Grease-stained fast-food bags litter the countertops, a pile of burned tobacco leaves still stews in a puddle on the nightstand, and dozens of wooden pieces from a toppled chess set lay strewn across the floor.
It's nothing compared to other messes she has encountered during her 29 tours of Spring Break duty at the Padre South -- including bathtubs slathered in ketchup and spaghetti and shattered toilets put back together piece-by-piece. But the room will still take a half an hour or more to clean.
"I wouldn't let my children leave messes like this," she says. "My children were clean."
Most of the hotel's maids shrug off the Spring Break antics with a smile, but occasionally things do get ugly, says Leal, the Padre South manager.
"We get a lot of problems with missing money and items during Spring Break," she says. "And (the students') first instinct is try to blame the maid."
To protect its housekeepers, hotel management imposes strict rules on its Spring Break guests. Each room requires a $250 deposit and occupants must go through an exhaustive checklist before checking out.
As Rishi Naran, 19, and Supratik Mukherjee, 18, pack up their bags to leave Thursday, they anxiously watch stern-faced maid Estela Nava rifle through cabinets and check towel drawers to make sure they haven't damaged their rooms.
"They're really strict here," Naran says. "But we didn't run into any problems."
Once the teens leave, a search of a different sort begins. Spring Break is peak season for found treasure.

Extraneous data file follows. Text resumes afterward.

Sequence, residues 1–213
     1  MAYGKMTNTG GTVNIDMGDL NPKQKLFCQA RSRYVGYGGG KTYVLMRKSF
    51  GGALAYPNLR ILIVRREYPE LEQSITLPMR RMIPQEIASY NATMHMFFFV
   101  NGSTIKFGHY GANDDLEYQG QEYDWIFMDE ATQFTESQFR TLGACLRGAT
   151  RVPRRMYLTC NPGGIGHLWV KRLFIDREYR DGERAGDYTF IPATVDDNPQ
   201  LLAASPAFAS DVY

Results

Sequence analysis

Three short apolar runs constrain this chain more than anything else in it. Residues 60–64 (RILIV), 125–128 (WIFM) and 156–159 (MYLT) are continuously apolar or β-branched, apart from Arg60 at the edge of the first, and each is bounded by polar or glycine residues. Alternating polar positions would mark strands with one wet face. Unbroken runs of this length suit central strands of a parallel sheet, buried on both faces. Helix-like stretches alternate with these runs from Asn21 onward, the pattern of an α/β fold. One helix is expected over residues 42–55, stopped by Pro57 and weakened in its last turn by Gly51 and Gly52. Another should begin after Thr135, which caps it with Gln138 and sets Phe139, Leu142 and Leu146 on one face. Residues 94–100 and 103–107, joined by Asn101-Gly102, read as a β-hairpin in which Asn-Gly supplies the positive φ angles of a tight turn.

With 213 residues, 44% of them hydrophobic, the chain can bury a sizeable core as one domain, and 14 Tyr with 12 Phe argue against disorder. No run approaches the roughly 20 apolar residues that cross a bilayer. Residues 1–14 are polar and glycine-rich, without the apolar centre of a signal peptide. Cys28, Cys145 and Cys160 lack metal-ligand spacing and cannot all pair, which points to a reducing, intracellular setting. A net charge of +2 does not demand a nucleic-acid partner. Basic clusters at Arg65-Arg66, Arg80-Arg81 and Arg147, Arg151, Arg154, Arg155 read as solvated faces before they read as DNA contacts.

Shoes, T-shirts and wallets left behind in the rooms go into a lost-and-found drawer, with a maid's name attached to each find. If no one calls back to claim the items, the hotel staff divvies up the loot.
Still, there are some things even the housekeeping staff won't touch.
"We had someone leave a sex toy in one of the rooms," Leal says. "They got mad when we wouldn't ship it back to them. None of us were going near that one."
Just before noon, the maids have finished their first round of cleaning. Most rooms remain shuttered, though, and Rufina Colorado already has a full afternoon of work ahead of her.
But for now, she shuffles off to the hotel's break room for lunch. For the next hour she will join her co-workers to rest, eat and share stories of the borrachos (drunkards) and dormilones (sleepyheads) encountered this morning.
Upstairs, however, the students are already preparing for another round of parties and late-night drinking.
Room 403's game of beer pong has moved out into the hallway.
The thumping bass beats multiply with each roomful of revelers roused from sleep.
And floors just mopped and vacuumed wait to be sullied again.
"It's a lot of work," Colorado says in Spanish with a sigh. "But if they didn't come, we wouldn't have a job."
Jeremy Roebuck covers courts and general assignments for The Monitor. You can reach him at (956) 683-4437.
To see more of The Monitor, or to subscribe to the newspaper, go to http://www.themonitor.com.
Copyright (c) 2008, The Monitor, McAllen, Texas